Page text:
Of course, all of this depends on the situation of the country between now and election time. Any major event or realignment can change the dynamics, including the timing of the election itself. We are also assuming here that the elections if held will be relatively free and fair. And there won't be any interference by other organized bodies inside or outside the country.
Potential Trouble Spots
Currently, there is a great deal of concern among many observers, including foreign bodies, on whether the upcoming elections will be conducted peacefully and fairly. Of special concern is the Oromia region where the contest is likely to be hot. The presence of armed groups in some parts of the region and the numerous incidents of violence and lawlessness observed in the last two years do not bode well for a fully peaceful election.
The Southern Ethiopia region is another hot spot, although to a much lesser degree than in Oromia. There, new parties have sprung up pushing for more autonomy or statehood. These local parties, if contesting, may use the upcoming election to set conditions favorable to them for their eventual demand -- indicating the possibility of localized clashes between the established formerly SEPDM, now PP, and these smaller regional groups.
The other wild card is Tigray. There, the TPLF seems determined to hold the region free of any opposition or contest. As things stand right now, it is hard to see how any Tigrayan opposition group can campaign in the region in any meaningful way. The question then becomes, will the central government led by the PP look the other way? It is going to be a big test for the current government, especially if the PP decides to field candidates to contest some parts of that region.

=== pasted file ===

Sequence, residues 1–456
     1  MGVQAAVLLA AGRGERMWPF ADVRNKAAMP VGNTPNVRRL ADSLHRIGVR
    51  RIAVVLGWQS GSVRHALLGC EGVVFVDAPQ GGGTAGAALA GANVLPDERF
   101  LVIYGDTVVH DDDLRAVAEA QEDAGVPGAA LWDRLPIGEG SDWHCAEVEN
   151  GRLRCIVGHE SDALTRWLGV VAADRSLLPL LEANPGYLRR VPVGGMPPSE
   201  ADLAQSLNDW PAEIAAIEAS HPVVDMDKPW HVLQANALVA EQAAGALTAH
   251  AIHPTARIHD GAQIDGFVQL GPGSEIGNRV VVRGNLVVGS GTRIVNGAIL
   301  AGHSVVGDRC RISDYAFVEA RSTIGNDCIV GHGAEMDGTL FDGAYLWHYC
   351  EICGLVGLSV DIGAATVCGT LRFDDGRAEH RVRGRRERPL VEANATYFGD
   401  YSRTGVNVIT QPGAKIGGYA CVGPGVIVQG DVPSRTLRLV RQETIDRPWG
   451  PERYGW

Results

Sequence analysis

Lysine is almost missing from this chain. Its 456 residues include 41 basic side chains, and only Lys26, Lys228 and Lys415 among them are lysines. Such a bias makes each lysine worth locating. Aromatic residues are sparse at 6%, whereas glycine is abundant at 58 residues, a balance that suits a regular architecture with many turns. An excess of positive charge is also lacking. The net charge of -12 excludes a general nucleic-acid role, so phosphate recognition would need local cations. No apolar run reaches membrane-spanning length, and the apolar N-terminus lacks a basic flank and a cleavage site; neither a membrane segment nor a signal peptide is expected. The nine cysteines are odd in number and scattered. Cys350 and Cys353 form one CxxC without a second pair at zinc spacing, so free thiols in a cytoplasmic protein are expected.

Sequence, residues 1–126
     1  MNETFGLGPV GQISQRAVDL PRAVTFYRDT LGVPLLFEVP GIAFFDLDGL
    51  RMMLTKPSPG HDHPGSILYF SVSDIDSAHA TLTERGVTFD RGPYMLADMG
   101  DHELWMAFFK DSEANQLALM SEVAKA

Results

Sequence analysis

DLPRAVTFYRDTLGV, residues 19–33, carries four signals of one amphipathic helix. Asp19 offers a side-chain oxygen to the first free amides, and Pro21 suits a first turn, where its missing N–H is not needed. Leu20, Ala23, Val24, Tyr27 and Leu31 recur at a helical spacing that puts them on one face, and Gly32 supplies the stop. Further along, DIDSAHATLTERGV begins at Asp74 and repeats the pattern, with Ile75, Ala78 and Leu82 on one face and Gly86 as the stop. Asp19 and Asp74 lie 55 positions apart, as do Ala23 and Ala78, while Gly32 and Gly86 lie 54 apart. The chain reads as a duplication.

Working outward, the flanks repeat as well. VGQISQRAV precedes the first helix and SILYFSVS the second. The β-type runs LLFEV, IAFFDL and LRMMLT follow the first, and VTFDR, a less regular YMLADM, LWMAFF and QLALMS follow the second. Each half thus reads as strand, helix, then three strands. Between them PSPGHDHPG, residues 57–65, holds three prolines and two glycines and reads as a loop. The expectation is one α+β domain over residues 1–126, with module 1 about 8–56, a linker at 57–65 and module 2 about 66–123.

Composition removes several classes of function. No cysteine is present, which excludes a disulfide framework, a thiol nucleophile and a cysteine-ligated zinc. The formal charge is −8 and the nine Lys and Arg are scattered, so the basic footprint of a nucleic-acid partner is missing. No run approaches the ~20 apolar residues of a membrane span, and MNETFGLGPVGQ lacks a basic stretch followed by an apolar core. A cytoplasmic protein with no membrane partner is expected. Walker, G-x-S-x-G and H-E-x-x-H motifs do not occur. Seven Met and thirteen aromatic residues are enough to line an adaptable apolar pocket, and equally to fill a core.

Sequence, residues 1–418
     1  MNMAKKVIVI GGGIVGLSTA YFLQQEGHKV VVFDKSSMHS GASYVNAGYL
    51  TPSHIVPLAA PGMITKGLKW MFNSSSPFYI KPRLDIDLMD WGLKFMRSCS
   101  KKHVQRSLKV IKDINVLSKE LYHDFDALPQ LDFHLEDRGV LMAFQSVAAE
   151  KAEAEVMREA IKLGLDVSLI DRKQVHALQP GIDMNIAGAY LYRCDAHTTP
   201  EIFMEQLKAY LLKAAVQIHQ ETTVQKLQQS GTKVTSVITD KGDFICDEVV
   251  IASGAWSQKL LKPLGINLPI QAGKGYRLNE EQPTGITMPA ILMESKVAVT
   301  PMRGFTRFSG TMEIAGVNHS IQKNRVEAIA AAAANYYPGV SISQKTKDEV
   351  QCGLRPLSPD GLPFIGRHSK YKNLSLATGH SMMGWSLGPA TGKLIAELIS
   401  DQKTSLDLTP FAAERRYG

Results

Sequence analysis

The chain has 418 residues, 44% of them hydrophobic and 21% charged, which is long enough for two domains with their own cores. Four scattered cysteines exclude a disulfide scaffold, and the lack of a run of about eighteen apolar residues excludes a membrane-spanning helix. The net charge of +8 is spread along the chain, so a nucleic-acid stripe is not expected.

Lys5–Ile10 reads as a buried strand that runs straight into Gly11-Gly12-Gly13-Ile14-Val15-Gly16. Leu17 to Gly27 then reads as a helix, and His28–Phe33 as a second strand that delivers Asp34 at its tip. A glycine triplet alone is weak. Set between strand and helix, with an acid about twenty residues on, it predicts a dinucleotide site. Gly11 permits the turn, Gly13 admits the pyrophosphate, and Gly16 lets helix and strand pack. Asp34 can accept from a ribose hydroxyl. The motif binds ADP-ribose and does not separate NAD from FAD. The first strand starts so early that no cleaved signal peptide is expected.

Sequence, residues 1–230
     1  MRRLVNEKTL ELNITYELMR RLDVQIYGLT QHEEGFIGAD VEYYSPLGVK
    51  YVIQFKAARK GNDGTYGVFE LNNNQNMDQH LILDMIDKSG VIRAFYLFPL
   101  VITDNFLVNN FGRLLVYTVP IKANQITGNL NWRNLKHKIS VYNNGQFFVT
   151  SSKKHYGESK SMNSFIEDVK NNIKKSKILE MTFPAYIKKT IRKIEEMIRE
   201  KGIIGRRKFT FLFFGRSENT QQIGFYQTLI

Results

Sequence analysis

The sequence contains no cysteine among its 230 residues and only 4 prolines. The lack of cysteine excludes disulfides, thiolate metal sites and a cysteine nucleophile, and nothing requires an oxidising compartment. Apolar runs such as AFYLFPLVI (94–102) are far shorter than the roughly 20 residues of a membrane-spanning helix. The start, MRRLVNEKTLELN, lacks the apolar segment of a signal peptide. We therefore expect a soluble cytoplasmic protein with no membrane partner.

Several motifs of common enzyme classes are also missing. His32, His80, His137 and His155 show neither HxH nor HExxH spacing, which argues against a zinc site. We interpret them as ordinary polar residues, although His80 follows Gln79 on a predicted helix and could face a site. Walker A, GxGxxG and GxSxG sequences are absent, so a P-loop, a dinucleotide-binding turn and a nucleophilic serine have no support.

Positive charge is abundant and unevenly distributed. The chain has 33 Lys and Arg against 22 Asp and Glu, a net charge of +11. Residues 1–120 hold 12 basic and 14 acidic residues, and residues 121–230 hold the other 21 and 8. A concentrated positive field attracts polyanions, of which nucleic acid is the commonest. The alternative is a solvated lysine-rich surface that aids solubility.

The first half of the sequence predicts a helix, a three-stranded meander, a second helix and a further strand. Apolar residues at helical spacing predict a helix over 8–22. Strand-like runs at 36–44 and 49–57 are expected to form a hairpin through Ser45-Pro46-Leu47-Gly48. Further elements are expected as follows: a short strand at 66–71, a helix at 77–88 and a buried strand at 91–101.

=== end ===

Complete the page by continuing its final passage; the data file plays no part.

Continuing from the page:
Regardless of the outcome, the next Ethiopian parliament is likely to be much livelier than any parliament the country has seen in the past. Even if Prime Minister Abiy Ahmed’s coalition manages to get 60 percent of parliament or better, there will still be more than 30 percent of seats taken over by all kinds of opposition parties. Although it will appear more fractious to a country unused to that kind of parliament, it will nevertheless be in a position to debate important policy issues and may usher a new era in Ethiopian politics – perhaps one that will lead Ethiopia a step in the right direction.
Updated on January 10, 2020.